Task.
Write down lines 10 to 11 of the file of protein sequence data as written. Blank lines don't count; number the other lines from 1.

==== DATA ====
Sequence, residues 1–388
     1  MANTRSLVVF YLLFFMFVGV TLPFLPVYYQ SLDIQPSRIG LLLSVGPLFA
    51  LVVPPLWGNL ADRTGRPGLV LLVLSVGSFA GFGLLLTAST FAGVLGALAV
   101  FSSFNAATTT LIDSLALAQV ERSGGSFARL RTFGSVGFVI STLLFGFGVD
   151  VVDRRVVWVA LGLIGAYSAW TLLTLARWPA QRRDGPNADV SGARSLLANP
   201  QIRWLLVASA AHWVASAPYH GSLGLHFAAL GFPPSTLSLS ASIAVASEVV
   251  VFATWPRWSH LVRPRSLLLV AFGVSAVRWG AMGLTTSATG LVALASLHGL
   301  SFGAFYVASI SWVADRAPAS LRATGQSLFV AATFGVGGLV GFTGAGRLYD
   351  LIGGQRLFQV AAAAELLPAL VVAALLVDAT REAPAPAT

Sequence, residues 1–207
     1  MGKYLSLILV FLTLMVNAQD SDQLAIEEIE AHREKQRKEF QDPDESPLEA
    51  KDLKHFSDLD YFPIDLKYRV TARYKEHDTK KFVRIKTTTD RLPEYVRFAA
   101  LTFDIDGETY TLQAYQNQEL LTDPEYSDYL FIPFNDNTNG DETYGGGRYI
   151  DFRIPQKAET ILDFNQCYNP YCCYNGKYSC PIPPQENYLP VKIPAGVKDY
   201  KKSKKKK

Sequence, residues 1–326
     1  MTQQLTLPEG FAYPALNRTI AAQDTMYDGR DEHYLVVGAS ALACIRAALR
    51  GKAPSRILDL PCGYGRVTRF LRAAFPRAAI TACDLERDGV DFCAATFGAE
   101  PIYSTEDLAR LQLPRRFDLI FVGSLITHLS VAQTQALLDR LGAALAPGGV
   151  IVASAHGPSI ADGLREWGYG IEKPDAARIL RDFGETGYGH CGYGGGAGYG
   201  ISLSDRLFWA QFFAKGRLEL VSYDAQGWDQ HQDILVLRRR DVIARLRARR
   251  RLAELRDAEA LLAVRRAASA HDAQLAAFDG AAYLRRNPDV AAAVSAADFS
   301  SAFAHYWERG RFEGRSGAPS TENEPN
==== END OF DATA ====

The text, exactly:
Sequence, residues 1–207
     1  MGKYLSLILV FLTLMVNAQD SDQLAIEEIE AHREKQRKEF QDPDESPLEA